Wind energy could provide up to half the world's power supply with little environmental impact, according to a new study by researchers at the University of Delaware and Stanford University.
The study debunks previous assessments that suggested wind wouldn't be a feasible way to power much of the world's grid due to environmental and power output concerns. According to the University of Delaware's Cristina Archer, about 4 million turbines could provide the world with 7.5 terawatts of energy annually, about half of the estimated power necessary to run earth's power grids in 2030.
"We've seen some papers out there that have been somewhat annoying or confusing because they had very low estimates of the total potential of wind energy," Archer says. "We decided to run our own model and we found wind is very abundant—we feel very strong these previous studies were incorrect."
Archer and coauthor Mark Jacobson, of Stanford, ran several different models—including one in which virtually the entire earth was covered in turbines, to determine that earth could support enough turbines to satisfy about half of the global power demand.
According to Archer, about 4 million turbines would be an optimal number—once more turbines are added, each individual turbine begins to generate less energy. Previous studies suggested that adding more turbines would create diminishing returns to a point where wind power wasn't worth utilizing.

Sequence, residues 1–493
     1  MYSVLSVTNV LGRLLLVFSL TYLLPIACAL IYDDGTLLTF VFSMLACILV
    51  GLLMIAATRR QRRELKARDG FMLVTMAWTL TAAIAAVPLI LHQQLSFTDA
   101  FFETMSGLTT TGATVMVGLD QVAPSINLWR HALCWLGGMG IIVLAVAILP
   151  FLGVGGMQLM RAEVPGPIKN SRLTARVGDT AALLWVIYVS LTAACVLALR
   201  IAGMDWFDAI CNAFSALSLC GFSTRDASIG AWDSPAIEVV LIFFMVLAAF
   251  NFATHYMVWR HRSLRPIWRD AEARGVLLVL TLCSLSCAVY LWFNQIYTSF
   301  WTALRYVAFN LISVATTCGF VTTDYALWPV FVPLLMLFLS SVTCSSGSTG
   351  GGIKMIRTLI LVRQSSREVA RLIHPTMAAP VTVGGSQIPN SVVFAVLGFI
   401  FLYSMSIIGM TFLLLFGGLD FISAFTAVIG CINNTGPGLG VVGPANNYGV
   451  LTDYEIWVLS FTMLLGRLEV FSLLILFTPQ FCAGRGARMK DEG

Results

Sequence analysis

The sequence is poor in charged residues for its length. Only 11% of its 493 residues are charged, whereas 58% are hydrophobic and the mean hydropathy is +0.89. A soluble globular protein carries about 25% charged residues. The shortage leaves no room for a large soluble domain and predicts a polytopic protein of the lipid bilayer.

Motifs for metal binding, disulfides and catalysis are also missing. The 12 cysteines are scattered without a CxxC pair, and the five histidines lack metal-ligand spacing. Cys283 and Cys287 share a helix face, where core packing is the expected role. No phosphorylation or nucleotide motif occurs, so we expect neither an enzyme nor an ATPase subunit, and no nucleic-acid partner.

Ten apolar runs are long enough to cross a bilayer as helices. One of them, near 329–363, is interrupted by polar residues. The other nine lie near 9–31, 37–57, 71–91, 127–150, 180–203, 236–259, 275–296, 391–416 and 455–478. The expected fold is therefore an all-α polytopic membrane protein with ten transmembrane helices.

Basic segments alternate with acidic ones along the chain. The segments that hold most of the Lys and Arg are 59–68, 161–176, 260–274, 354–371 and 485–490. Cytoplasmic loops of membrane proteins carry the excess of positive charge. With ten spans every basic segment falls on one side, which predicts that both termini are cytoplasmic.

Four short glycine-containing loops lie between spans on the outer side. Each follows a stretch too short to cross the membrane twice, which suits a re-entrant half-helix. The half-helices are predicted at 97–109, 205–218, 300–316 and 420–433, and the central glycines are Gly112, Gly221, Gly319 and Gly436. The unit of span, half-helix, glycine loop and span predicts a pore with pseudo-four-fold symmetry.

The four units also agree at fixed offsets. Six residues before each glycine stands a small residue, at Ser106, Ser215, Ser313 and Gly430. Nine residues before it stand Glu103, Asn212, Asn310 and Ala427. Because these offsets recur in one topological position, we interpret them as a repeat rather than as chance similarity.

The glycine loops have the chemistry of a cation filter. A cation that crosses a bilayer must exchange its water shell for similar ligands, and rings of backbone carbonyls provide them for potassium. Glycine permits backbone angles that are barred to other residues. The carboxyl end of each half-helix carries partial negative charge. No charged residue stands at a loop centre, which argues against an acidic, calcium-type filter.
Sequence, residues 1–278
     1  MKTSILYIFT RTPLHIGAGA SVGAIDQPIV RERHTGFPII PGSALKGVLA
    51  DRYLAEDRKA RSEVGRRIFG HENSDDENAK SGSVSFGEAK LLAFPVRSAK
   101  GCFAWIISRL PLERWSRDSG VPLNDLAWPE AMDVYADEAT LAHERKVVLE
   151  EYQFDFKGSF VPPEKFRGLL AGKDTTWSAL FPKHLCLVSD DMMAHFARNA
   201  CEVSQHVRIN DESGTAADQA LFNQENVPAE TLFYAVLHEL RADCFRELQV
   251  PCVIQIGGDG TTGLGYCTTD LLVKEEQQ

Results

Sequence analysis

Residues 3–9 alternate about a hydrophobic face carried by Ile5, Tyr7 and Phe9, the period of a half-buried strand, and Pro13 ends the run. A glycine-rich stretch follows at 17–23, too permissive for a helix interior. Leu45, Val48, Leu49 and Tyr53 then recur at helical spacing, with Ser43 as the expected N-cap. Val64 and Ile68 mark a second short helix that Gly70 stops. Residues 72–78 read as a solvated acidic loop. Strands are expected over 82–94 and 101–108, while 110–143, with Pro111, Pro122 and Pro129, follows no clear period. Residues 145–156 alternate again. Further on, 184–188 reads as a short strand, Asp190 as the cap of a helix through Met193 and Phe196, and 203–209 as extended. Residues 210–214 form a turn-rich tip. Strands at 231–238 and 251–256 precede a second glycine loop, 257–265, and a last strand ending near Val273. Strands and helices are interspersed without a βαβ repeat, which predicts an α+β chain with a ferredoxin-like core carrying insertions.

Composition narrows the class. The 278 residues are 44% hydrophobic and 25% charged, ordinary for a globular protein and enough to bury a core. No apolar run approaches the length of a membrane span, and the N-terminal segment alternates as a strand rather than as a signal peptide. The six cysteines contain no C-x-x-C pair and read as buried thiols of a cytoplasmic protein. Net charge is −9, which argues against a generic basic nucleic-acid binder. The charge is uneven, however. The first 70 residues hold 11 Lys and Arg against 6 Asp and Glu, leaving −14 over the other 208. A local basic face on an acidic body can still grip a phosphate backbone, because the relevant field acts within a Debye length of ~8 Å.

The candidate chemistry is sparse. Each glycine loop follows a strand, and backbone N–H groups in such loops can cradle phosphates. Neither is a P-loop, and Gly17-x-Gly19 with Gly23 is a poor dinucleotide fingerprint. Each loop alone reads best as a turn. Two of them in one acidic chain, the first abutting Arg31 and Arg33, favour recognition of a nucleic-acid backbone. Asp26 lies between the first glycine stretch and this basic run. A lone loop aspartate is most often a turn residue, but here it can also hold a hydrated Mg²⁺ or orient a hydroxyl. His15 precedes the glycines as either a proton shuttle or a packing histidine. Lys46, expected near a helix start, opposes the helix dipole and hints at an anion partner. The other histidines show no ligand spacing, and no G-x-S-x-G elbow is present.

"Four million turbines is a lot, but it's not impossible. We have to decide whether we want to do it. The benefits are immense—we'd have a clean economy and we'd be getting rid of pollution," Archer says. "If society wants to do it, the technology is there—it's not like we have to invent cold fusion from scratch."
In the United States, about 3 percent of all energy is generated with wind turbines, but the Department of Energy released a report in 2008 suggesting that by 2030, about 20 percent of America's energy could be generated by wind.
On Monday, Reuters reported that China plans to order its electrical companies to source up to 15 percent of all of its power using wind turbines.
Archer says that while wind energy could one day provide the world with much of its energy, wind's drawbacks will keep it from becoming the earth's primary power source.
"Wind is no constant—sometimes it blows, sometimes it doesn't," she says. "There are reasonable concerns about wind power, and we're not saying it should be the only energy source."
Jason Koebler is a science and technology reporter for U.S. News & World Report. You can follow him on Twitter or reach him at firstname.lastname@example.org